To facilitate the learning of Student Paramedics in practice the authors Trust is developing a cohort of experienced practitioners, referred to as mentors’. This assignment looks at the scope of mentoring, and draws on published literature to define the roles of the mentor in clinical practice. The paucity of research surrounding clinical Paramedic mentoring means that most literature used is sourced from publications primarily aimed at the nursing profession. However logic dictates that in the same way as nursing has long used theories from other disciplines (DeLaune and Ladner, 2002), paramedicine can draw upon research produced by the nursing profession.

Defining Mentorship
Almost every publication on mentoring begins with a review of the literature demonstrating there is little consensus on the meaning or characteristics of the term, Yonge et al, (2007). The eclectic mix of processes which all seem to occur under the broad umbrella term of ‘mentoring’ creates problems in defining exactly what the role entails. The general literature on mentoring is vast, and there are many definitions from which to draw, Madison et al, (1994).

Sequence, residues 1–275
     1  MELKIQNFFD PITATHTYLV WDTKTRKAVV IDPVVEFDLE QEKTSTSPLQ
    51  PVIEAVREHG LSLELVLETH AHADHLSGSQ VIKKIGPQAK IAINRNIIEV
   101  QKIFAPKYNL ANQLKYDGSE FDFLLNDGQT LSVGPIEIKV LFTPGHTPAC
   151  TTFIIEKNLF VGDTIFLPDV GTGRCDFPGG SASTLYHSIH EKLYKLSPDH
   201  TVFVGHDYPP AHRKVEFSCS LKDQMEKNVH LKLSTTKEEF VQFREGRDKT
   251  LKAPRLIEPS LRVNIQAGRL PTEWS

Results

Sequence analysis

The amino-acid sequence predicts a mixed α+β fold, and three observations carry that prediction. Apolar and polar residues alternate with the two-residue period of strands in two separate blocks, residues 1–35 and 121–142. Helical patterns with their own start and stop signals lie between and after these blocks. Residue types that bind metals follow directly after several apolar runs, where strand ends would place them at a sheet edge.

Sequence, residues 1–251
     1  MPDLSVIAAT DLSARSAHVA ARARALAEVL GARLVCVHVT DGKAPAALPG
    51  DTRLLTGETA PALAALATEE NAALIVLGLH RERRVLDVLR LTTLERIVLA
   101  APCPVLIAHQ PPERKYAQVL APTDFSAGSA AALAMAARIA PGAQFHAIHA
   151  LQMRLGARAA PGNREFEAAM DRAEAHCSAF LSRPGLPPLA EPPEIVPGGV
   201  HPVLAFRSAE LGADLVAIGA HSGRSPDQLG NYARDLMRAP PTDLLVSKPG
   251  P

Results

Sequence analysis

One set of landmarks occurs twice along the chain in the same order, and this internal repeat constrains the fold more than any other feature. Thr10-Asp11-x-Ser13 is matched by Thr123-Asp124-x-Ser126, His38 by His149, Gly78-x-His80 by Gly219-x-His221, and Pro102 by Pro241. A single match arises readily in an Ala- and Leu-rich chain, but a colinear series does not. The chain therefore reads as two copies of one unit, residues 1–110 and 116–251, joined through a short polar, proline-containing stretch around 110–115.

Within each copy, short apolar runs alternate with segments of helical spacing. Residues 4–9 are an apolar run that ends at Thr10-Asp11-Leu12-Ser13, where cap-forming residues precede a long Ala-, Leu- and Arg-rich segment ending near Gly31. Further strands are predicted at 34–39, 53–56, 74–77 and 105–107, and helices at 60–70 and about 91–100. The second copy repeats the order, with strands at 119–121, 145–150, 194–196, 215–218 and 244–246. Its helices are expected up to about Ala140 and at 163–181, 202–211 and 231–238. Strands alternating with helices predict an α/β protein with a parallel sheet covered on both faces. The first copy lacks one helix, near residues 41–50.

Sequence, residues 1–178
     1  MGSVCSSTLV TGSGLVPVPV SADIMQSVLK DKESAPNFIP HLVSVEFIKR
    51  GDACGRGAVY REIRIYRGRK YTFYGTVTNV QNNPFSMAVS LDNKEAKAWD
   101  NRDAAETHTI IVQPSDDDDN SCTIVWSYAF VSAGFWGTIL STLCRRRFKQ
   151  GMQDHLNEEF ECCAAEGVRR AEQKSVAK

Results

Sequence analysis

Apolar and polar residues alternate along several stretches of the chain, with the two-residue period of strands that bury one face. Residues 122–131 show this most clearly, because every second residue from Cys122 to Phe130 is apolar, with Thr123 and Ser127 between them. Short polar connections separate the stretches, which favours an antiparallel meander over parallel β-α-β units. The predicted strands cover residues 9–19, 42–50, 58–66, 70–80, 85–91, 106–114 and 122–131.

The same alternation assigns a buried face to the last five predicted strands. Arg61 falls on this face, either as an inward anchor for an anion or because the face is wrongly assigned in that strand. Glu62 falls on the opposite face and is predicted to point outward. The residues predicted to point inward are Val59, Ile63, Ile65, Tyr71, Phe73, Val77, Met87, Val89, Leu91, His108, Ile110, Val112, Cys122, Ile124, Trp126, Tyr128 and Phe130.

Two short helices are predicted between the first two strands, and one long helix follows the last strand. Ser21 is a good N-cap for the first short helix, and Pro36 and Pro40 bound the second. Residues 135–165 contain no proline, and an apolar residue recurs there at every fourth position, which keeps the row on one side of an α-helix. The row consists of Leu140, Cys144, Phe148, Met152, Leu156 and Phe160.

For the purpose of this assignment, deliberating the actual definition of the term ‘mentor’ is probably more a matter of semantics. Contrary to Oliver and Aggleton (2002, p32), who state that “defining [mentorship] would appear to be of paramount importance…” this assignment will simply subscribe to the hypothesis that

“… the mentoring role is defined according to the individual understanding, and is not necessarily based on any of the
original concepts of the term.” Bidwell and Brasler (1989, p23).

The authors Trust has...

References: Andrews M and Wallis M (1999). Mentorship in Nursing. A Literature Review. Journal of Advanced Nursing. 29 201 - 207
Barker E.R (2006)
Bennet C (2003). How to be a good mentor. Nursing Standard. 17(36): 1-14.
Bidwell AS and Brasler ML (1989). Role Modelling versus mentoring in nursing education. Image: Journal of Nursing Scholarship 21(1). 23-25
Boydell D (1994)
British Paramedic Association (2006). A Curriculum Framework for Paramedic Education http://www.britishparamedic.org/downloads/Published_
version_1_02_2006.pdf

Cooper S (2005) Contemporary UK paramedical training and education
Chambers M (1998). Some issues in the assessment of clinical practice: a review of the literature. Journal of Clinical Nursing 7; 3 201-208
Darling L.A.W (1984)